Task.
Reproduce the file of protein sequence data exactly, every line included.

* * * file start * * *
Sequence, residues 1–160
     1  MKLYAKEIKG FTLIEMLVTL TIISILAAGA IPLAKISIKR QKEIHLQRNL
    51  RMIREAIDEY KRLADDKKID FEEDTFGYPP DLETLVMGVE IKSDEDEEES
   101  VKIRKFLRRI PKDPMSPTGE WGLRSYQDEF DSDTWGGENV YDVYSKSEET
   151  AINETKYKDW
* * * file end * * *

Sequence, residues 1–160
     1  MKLYAKEIKG FTLIEMLVTL TIISILAAGA IPLAKISIKR QKEIHLQRNL
    51  RMIREAIDEY KRLADDKKID FEEDTFGYPP DLETLVMGVE IKSDEDEEES
   101  VKIRKFLRRI PKDPMSPTGE WGLRSYQDEF DSDTWGGENV YDVYSKSEET
   151  AINETKYKDW